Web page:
I was in my mid 20’s when I married E, my now ex-husband. He was all of the things I thought I always wanted: handsome, kind, funny and Jewish. He adored me and showered me with endless love and affection. You know the type of guy who puts their woman so far up on a pedestal you can practically see her proverbial platinum Pussy radiating from underneath her skirt? That was E. We spent the first year of our marriage trying to get pregnant and after 13 months of regularly scheduled missionary fucking, we found out we were having twins. At around five months I miscarried. Move over you fat blowjob, you can’t hold a candle to this kind of sorrow. This wound went much, much deeper—womb deep. My reality became distorted, I didn’t know who I was or what I wanted. I started to sabotage my marriage with a nefarious combination of adultery and Adderall. I broke his heart. I was the cause of someone else’s sorrow, someone who loved me more than anything—that guilt crushed me almost as much as the miscarriage did. It was like I felt his pain with my own heart. Within six months we were divorced. The grief I experienced was debilitating, it moved the needle, and a next level threshold of suffering was reached.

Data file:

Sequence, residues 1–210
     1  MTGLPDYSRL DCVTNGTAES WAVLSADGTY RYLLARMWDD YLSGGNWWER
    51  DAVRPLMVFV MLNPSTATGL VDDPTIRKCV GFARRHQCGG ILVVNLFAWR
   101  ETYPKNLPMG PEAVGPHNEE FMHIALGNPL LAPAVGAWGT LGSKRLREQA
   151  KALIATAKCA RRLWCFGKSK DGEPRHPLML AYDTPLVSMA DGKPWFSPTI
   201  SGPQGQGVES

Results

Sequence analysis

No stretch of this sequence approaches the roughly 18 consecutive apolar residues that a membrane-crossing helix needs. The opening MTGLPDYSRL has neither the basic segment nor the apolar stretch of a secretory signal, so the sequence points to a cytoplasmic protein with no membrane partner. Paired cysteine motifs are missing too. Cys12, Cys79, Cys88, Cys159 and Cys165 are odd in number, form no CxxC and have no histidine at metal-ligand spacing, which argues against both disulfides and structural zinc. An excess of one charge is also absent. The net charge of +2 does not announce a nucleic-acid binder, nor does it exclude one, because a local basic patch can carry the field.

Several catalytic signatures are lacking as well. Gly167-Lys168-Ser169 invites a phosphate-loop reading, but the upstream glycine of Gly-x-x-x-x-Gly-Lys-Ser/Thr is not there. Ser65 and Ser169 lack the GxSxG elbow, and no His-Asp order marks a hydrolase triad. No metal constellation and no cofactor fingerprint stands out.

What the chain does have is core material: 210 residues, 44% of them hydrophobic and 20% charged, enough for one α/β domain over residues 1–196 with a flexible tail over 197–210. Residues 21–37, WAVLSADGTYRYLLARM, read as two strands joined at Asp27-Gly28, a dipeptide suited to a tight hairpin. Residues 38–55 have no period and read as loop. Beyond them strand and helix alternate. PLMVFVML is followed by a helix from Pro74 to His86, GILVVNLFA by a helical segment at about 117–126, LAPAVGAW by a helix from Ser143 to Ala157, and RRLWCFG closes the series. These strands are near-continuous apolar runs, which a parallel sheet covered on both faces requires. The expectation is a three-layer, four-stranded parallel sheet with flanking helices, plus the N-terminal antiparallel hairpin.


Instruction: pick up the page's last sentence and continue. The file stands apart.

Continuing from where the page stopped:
When I realized I had nothing to left to lose I stopped letting my self-hatred hold me back and started creating a life filled with possibility. I found purpose, peyote, and yoga, and spent the last decade feeling worthy, loved, and grateful. I was really, at the risk of sounding like a white-girl Pinterest board, #LivingMyBestLife. My old wounds were completely healed, I made peace with my guilt, had never been closer with my family, built solid, authentic friendships with a tight-knit group of incredible humans, traveled, made a shit-ton of money doing what I love, all while in a healthy, thriving relationship with Mike, the love of my life for over seven years—I mean, there were cob webs on the needle of my suffering barometer— it didn’t budge for 13 years, until it did.
On June 21, 2018 at approximately 1p.m., I was getting a pedicure down the block from my office when my phone rang. It was my uncle Stanley calling to tell me that my dad’s CAT Scan came back showing a large mass on his esophagus. “The doctor thinks it’s a malignant tumor that’s spread to his stomach. They’re scheduling him for a PET Scan. I just want you to prepare yourself, this doesn’t look good, and if it is what they think it is, it's gonna be horrible and it’s gonna be quick. I have to go, your mother’s beside herself in the other room with the doctor.”